In the 1930’s, marijuana was named a drug by the United States Narcotic Drug Act. It was not allowed to be consumed or sold in the United States, until individual states began abolishing restrictions decades later. The reason for its prohibition stems from its effects on one’s physical and mental health. Marijuana, previously known as cannabis, is known to be detrimental for both brain development as well as lung health. Heavy users may have decreased lifespans due to marijuana’s effects on the lungs. Even though this can be considered harm, who is it really affecting? If smokers smoke, they are hurting no one but themselves, and that cannot be controlled by the government. Mill would agree that all people deserve personal freedoms, such as the right to smoke weed, as long as no other citizen is affected by the smoker’s actions.

Consider an average middle-aged man, Mr. Smith, who is politically engaged, economically stable, and physically healthy. If he one day decides to come home and smoke marijuana for recreational use, who would he be hurting? He certainly would not be abridging the rights of any other United States citizen, so why is marijuana illegal? What right does the government have to take away that personal freedom from Mr. Smith? If this issue was presented to Mill years ago, he would support the legalization of marijuana solely because of the personal freedoms that every American citizen is promised.

Statistics supporting the legalization of marijuana.

Statistics supporting the legalization of marijuana.

Following the same example, Mill would only oppose if Mr. Smith’s consumption of marijuana was in some way detrimental to society. For example, if he purchased marijuana while he was in debt to someone else, that would be a completely different story. Mr. Smith owes money to whoever lent it to him, and that is an obligation he must honor. If society adopted Mill’s political ideology, consuming the marijuana itself would not be considered criminal activity but failing to honor the loan would be.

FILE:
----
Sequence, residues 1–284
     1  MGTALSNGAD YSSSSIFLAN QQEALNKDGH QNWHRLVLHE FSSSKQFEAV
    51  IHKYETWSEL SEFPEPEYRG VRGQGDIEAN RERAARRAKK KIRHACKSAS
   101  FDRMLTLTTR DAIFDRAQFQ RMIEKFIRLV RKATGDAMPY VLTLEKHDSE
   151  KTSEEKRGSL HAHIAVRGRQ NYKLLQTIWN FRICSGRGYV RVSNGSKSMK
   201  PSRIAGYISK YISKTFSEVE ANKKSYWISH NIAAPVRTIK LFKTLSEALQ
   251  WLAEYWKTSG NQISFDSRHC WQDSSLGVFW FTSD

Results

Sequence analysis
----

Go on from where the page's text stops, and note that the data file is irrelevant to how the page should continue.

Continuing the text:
Marijuana usage in other places around the world

To conclude, Mill would certainly enjoy modern political debates regarding the legalization of marijuana in several states. Taking a relatively liberal stance, he would support personal freedoms like the consumption of marijuana, as long as no other citizens are affected. Mill’s political ideology is certainly distinct from most other theorists of his time, and even centuries after he was born, his influence lives on. It is not difficult to apply his opinions to modern politics especially through efforts for numerous issues involving personal freedoms. Granted that all American citizens have the right to life, liberty, and the pursuit of happiness, Mill just aimed to ensure that everyone can practice these rights while maintaining societal harmony.

Section 010

Teachers and Politics

Today in lecture we discussed political activism and whether or not it is productive in certain aspects of life that are unrelated to politics. As Mill says, “let us examine whether…men should be free to act upon their opinions…so long as it is at their own risk and peril.” This is a question of when someone’s expression of individuality is harmful to others or society as a whole.